Upon receiving the dressing down, Andrew reflected. It is the imperative of a leader to dictate how he wants things to run. His behaviour, actions and control over a group play a fundamental role in how they respond. Over the course of the past week a couple of red flags jumped out. For one, during forms practice, where expert critique is required to fine-tune the subtleties of a sequence of movements, the older Shifu was often distant and aloof. On occasion he used the time to rehearse his own forms.

Another instance that stood out was the banter, which had developed between the young Shifu and Forde. The young Shifu repeatedly made immature jokes during class and then expected the impressionable American to act respectfully and responsibly as soon as the jokes were over.

Cycling through the week, there were a couple of lessons in all of this, Andrew pondered. For one, as a leader, lead by example and set the standard with which you would like your chargers to follow. If the group or individual is out of line, an appropriate reprimand needs to be dished out immediately, not days later. This is why punishing a dog well after an event has occurred is an ineffective means to change her behaviour.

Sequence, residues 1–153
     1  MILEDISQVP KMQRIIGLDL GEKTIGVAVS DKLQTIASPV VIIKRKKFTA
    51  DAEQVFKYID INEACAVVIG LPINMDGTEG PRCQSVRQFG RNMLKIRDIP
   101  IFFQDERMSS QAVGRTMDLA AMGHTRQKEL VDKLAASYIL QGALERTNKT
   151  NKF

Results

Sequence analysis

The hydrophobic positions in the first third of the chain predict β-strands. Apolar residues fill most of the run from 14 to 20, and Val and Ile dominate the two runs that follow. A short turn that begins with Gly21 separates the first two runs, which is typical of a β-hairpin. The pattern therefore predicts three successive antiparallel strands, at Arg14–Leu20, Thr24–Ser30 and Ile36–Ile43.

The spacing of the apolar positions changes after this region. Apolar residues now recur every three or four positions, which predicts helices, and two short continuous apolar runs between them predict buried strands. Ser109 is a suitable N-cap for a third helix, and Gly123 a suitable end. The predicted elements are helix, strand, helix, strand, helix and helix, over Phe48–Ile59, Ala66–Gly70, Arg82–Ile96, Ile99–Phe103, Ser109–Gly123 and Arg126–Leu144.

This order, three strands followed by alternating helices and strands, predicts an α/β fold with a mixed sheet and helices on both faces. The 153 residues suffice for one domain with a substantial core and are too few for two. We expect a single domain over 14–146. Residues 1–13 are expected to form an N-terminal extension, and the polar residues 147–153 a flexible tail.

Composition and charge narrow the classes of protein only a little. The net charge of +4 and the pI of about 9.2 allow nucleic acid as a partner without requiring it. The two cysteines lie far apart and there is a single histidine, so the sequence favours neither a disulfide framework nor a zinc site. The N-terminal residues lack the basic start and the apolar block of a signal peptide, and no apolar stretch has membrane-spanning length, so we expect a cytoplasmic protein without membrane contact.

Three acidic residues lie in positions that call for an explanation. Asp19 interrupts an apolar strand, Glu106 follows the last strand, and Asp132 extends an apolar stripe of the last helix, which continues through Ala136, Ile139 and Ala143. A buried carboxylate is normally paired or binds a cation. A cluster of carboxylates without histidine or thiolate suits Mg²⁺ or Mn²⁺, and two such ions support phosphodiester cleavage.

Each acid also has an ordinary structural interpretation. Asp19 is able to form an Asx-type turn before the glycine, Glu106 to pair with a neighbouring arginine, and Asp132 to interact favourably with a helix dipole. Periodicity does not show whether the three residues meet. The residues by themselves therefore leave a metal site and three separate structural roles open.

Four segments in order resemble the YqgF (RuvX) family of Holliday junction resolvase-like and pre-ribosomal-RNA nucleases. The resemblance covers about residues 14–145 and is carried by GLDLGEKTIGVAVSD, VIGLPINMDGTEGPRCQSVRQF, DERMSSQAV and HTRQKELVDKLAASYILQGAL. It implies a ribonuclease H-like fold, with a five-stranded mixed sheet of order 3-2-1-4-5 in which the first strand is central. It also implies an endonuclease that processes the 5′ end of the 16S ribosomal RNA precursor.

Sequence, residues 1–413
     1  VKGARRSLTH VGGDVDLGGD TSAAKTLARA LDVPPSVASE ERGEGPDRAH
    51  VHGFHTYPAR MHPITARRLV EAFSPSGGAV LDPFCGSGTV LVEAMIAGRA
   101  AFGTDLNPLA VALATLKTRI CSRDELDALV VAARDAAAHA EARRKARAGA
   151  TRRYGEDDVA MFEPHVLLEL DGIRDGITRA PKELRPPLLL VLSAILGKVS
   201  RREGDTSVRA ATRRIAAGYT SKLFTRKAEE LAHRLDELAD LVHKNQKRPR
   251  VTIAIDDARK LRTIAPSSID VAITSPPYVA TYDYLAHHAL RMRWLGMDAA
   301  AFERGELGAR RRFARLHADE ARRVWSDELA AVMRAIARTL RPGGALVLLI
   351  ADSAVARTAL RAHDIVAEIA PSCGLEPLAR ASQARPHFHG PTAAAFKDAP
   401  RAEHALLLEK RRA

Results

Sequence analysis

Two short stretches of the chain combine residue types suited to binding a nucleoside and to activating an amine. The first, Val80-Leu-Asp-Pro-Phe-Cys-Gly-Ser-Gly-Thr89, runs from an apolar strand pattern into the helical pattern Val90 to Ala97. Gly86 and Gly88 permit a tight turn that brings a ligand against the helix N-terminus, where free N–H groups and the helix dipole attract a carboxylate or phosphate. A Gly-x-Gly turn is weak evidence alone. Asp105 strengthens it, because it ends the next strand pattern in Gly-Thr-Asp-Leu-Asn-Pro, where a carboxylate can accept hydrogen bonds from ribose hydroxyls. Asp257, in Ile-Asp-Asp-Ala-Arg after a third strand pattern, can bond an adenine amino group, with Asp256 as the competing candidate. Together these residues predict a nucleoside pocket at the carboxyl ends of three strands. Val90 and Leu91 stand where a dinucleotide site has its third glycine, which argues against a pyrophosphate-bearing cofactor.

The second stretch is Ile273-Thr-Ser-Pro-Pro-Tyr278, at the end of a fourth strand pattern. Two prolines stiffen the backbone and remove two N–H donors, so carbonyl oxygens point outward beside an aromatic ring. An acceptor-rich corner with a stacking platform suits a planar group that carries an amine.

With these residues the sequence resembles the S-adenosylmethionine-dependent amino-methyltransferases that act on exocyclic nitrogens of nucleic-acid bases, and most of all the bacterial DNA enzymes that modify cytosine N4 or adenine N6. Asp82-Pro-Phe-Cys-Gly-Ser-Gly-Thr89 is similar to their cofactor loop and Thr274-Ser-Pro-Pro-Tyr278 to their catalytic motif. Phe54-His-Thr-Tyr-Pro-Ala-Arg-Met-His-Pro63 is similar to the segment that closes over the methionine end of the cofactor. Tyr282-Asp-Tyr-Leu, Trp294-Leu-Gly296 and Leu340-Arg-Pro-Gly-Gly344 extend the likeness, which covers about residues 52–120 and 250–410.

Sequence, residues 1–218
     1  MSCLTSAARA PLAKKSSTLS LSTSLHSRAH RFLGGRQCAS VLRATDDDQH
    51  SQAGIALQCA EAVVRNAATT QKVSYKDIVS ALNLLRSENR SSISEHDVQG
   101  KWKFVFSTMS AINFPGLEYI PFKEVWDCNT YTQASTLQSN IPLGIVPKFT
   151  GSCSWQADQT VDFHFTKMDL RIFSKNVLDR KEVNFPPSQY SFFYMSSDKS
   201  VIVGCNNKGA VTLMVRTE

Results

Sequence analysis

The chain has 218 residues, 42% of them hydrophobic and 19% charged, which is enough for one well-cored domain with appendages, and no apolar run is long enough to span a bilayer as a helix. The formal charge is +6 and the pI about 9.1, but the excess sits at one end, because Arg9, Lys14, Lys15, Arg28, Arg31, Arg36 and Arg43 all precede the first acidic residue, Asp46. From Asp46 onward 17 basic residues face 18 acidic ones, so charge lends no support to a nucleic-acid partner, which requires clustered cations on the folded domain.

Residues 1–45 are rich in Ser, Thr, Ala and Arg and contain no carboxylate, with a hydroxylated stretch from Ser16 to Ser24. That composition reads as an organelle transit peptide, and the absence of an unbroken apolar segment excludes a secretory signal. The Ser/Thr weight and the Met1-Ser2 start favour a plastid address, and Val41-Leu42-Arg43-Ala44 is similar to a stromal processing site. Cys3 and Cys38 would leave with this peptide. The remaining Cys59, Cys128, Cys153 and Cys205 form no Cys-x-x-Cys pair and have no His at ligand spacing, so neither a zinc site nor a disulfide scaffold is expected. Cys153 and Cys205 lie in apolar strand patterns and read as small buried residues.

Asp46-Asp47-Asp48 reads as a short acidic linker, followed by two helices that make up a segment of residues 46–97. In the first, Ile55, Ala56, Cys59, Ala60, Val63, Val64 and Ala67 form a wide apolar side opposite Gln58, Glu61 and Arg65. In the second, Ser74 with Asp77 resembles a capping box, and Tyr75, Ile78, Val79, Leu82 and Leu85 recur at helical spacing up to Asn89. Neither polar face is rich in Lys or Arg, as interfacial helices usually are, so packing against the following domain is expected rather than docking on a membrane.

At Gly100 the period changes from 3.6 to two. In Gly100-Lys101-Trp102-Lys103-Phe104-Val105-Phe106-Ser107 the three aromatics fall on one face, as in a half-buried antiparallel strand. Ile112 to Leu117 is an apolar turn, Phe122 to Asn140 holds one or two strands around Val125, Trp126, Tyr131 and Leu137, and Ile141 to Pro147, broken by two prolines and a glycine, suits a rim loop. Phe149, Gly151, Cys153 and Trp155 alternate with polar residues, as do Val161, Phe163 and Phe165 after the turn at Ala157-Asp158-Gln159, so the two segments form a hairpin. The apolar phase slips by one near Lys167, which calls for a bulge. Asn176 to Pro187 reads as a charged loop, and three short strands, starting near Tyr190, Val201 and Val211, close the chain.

Secondly, Andrew contemplated, have your own standards and don’t let them be dragged down by others. There is always a choice in how you act and behave. As an individual, you must ultimately decide whether you want to lower your standards to fit in with the group.

Spend Your Energy Wisely

Self-pity. We’re all guilty of it from time to time. What does it accomplish? Does it help to justify the way we feel, or perhaps it validates our actions and efforts?

Andrew detected this sensation on a couple of occasions today. At first during basic training, where the student’s practice the fundamentals of Kung Fu such as kicks, punches and blocks. In his opinion he demonstrated good intent throughout, but the group was regularly lambasted and dolled out the penicillin of physical punishment – push-ups.

Later in the day, during a time dedicated to forms practice – the linking of a sequence of movements with flow and speed, Andrew felt he received less guidance and feedback than the other students.